On May 8, 2007 40 local women gathered for a luncheon at the La Cumbre Country Club in Santa Barbara, California, to initiate the establishment of the Santa Barbara Chapter of The Association for Women in Communications (AWC-SB). Feedback from those attending indicated that there was need for and interest in a local chapter that would champion the “advancement of women across all communications disciplines by recognizing excellence, promoting leadership and positioning its members at the forefront of the evolving communications era.”

At the initiating event, the attending women represented five generations and many different backgrounds. They enjoyed a delightful meal while listening to an inspiring presentation by the guest of honor, Phyllis de Picciotto, the founder and first executive director of the Santa Barbara International Film Festival. Phyllis shared her experiences and the lessons learned during the “start-up” phase about this now internationally successful event.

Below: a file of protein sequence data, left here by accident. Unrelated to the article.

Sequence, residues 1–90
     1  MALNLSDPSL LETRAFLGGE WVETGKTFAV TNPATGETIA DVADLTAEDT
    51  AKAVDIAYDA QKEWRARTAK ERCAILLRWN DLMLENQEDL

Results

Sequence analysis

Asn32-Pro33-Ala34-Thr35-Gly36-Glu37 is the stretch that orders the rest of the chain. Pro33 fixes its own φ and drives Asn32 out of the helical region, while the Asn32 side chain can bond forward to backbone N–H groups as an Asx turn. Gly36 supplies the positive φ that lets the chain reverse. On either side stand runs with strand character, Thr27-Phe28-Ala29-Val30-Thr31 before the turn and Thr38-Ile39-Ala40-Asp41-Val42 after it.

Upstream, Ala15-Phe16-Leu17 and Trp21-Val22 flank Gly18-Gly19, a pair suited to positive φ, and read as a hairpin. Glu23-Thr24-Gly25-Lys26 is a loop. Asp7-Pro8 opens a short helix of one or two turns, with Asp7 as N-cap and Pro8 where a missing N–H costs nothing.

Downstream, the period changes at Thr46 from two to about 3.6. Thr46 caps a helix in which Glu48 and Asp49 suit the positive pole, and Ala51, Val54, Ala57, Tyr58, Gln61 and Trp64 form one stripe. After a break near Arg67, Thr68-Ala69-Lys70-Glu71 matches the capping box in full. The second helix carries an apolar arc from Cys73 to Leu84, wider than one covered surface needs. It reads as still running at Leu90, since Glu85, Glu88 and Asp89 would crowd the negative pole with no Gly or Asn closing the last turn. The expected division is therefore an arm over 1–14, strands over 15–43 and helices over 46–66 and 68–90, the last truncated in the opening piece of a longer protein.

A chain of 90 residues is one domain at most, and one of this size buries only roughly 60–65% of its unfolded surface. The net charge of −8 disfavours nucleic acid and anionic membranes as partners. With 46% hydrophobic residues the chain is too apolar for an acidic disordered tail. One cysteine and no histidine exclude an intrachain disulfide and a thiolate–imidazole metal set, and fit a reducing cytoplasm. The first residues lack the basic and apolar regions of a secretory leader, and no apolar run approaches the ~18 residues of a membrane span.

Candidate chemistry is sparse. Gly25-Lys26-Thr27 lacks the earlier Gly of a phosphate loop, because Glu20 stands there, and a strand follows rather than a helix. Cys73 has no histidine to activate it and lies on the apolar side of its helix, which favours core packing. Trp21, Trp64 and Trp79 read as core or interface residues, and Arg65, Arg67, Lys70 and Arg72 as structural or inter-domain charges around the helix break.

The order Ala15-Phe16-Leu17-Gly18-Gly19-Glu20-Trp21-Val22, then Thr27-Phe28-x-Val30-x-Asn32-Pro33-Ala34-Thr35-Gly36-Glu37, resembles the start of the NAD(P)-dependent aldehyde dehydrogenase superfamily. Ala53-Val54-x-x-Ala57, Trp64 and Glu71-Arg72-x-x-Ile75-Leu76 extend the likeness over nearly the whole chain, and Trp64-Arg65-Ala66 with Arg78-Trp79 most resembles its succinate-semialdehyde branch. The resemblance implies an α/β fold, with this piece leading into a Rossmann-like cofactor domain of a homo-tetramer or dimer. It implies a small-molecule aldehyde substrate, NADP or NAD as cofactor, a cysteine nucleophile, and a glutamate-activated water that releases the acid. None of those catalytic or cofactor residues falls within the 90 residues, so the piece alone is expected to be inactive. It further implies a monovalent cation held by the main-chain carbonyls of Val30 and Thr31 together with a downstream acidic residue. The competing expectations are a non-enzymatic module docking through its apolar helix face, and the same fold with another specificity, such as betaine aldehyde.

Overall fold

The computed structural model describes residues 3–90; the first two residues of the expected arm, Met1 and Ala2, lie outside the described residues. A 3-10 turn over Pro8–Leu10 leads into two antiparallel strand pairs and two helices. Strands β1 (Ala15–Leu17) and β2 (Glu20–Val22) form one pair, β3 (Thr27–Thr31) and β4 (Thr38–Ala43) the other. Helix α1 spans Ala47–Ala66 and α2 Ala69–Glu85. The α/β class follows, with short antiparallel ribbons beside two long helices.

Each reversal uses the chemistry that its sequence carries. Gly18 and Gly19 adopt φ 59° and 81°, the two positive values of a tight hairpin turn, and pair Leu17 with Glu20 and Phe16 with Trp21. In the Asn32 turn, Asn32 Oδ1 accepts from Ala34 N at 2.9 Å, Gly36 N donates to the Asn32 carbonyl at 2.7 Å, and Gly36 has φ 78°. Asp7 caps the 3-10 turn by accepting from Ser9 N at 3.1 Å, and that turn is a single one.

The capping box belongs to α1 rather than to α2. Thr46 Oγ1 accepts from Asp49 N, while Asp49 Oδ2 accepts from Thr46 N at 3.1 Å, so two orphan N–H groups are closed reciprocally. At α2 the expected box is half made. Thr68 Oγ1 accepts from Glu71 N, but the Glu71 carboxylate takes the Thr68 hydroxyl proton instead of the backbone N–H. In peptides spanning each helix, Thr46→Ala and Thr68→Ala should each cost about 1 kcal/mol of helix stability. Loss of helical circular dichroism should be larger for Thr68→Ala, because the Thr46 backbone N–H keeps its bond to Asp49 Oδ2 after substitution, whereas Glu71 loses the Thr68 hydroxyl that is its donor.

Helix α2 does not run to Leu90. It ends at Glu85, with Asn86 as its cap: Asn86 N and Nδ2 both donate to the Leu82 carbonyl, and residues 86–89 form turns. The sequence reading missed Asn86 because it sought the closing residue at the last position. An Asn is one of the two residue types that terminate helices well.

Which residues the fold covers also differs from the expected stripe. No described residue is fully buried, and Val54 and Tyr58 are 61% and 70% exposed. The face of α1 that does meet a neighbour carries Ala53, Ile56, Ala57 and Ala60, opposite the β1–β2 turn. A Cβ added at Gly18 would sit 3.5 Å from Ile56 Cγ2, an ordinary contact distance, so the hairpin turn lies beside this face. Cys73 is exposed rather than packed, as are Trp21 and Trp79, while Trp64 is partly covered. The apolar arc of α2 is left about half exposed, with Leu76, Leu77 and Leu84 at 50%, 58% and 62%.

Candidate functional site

The Santa Barbara Chapter’s first official program was titled Intellectual Property Rights in the Digital Age with speaker Laurel Phillips.  Ms. Phillips first earned a BA in Communication Studies and then became an Intellectual Property Attorney who works with creative communication specialists.

Historically, professions represented by the national association included print and broadcast journalism, television and radio production, film, advertising, public relations, marketing, graphic design, multi-media design, and photography. The AWC-SB Board extended membership opportunities to women in a diversity of communications fields, including scholars, publishers, producers, web marketers, filmmakers and videographers, authors, and professional speakers.

The founding Board members of AWC-SB believed that there were several reasons for women to join. For those who are self-employed or in small businesses, there was agreement that busy working women often feel isolated. To address that sense of isolation, the founding Board members felt a need to create a conversation –between and among women in diverse fields, industries, and communication roles to provide morale support, networking, and role models who are advancing their careers and their companies or organizations through their expertise. From the first moment members met in 2007, they began to exchange ideas or referrals and brainstorm ways to lend technical or morale support.

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